Academic journal article Shofar

Nathanael West's Indian Commodities

Academic journal article Shofar

Nathanael West's Indian Commodities

Article excerpt

If the imaginary Indian, from the moment of the nation's founding, served as a flexible figure through which to work out questions of "American" identity, Indianness came to serve in the early twentieth century as a category through which Americans could also define what it meant to be modern. American modernism had nativist and nationalist inflections; American moderns demonstrated their commitment to a national artistic culture through their "Indianness," which was cast as fundamentally opposed to Jewishness. This discussion seeks to address Jewish American literary response to this nativist modernism through a discussion of Nathanael West, whose ambivalent relationship with both Jewishness and aesthetic modernism continues to preoccupy and vex his critics. This essay reads West's preoccupations with Indians, Jews, and the marketplace through the unfixable Jewishness dramatized in his 1934 novel A Cool Million, whose modernist parody of racial and ethnic typologies succeeds in thoroughly undermining them.

Way out West in the wild and woolly prairie land,

Lived a cowboy by the name of Levi,

He loved a blue blood Indian maiden,

And came to serenade her like a "tough guy."

Big Chief "Cruller Legs" was the maiden's father

And he tried to keep Levi away,

But Levi didn't care, for ev'ry ev'ning

With his Broncho Buster, Giddyap! Giddyap!

He'd come around and say:

Chorus:

Tough guy Levi, that's my name, I'm a yiddish cowboy.

I don't care for Tomahawks or Cheyenne Indians, oi, oi,

I'm a real live "Diamond Dick" that shoots 'em till they die,

I'll marry squaw or start a war, for I'm a fighting guy.

Levi said that he'd make the maiden marry him

And that he was sending for a Rabbi,

The maiden went and told her father,

He must not fight because she liked the "tough guy,"

"Cruller Legs" gave the "Pipe of Peace" to Levi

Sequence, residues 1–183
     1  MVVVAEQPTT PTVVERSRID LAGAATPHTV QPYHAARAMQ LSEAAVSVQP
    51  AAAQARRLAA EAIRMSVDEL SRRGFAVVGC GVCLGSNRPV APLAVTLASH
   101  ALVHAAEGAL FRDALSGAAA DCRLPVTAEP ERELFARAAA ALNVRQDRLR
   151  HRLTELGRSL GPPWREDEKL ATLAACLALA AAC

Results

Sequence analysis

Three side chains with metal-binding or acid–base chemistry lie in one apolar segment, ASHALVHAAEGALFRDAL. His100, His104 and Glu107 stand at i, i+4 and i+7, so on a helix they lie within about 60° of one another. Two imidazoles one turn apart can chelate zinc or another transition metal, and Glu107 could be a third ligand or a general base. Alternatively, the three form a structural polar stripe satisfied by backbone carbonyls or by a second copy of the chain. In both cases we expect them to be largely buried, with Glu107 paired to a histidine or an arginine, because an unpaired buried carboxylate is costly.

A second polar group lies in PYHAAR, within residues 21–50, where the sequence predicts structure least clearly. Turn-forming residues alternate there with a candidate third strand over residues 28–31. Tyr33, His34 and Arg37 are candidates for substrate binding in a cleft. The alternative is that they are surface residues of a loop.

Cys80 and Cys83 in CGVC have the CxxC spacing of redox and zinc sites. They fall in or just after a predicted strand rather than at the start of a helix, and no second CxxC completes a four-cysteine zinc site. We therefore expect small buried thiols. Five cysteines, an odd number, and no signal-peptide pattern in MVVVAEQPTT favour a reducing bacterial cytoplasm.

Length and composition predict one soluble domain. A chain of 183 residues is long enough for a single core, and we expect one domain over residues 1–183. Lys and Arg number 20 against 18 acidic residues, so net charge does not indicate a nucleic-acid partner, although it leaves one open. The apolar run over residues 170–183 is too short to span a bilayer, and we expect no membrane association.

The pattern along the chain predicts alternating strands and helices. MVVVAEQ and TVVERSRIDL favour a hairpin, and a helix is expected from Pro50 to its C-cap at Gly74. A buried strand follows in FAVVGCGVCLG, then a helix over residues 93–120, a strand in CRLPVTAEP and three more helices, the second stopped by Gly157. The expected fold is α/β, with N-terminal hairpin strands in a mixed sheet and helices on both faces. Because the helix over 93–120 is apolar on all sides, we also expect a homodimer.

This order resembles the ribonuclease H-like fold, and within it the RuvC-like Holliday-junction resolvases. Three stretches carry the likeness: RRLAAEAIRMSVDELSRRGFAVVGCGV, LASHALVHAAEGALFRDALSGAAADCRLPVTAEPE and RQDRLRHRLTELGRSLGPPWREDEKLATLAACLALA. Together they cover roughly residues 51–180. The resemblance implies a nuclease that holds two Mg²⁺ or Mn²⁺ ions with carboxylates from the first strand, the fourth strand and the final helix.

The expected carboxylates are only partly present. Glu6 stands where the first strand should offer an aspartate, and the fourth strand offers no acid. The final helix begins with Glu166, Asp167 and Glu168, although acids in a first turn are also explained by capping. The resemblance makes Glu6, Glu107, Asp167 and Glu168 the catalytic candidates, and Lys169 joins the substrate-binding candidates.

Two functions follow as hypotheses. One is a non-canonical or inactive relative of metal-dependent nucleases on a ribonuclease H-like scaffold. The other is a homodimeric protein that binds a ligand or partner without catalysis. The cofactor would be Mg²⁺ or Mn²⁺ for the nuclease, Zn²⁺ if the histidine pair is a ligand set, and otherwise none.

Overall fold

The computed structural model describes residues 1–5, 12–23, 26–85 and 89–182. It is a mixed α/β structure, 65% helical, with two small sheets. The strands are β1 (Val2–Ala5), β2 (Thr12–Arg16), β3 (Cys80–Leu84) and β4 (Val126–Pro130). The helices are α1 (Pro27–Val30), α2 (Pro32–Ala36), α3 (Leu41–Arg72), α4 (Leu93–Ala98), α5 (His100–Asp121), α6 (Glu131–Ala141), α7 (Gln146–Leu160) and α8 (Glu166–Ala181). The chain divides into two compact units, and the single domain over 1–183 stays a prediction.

But Levi said I guess that you forget,

For I'm the kid that smokes Turkish Tobacco,

Get the Broncho Buster, Giddyap! Giddyap!

Go buy cigarettes.

- 1907 Tin Pan Alley song(1)

If the imaginary Indian, from the moment of the nation's founding, served as a flexible figure through which to work out questions of "American" identity, Indianness came to serve in the early twentieth century as a category through which Americans could also define what it meant to be modern. Michael North argues that the "story...of becoming modern by acting black was to be retold over and over;"(2) alternatively, the story of becoming modern by acting "red" was to have specific nationalist and nativist incentives. For Walter Benn Michaels, the emergence of "nativist modernism," which was interested in questions not only of art but of language, citizenship, culture, and race, constitutively involved "the transformation of the opposition between black and white into an opposition between Indian and Jew."(3)

Up until the twentieth century, however, Indians and Jews had been imagined by both Europeans and Americans as racially consanguineous. The orthographic slip in, for example, Othello between "Indian" and"Iudian" reflected a real confusion in European minds between Indian and Jew.(4) The theory that the Indians of the New World were in fact descended from the ten lost tribes of Israel was widely popularized in the mid-17(th) century by an Amsterdam rabbi and subscribed to throughout the 19(th) century by Puritans, Jews, and Indians alike, who used it to argue, variously, national, religious, or political legitimacy.(5) This initial historical identification of Indian with Jew is ironized by what seems to be, in the 1907 song reproduced at the beginning of this essay, a union of "grotesque extreme anomalies." Indeed, much Jewish "redface" in twentieth century popular culture -- from Fanny Brice and Eddie Cantor to Woody Allen and Mel Brooks -- relies for its meaning on a profoundly dialectical relationship between Indian and Jew, in which kinship and unlikeness are plumbed in equal parts. …

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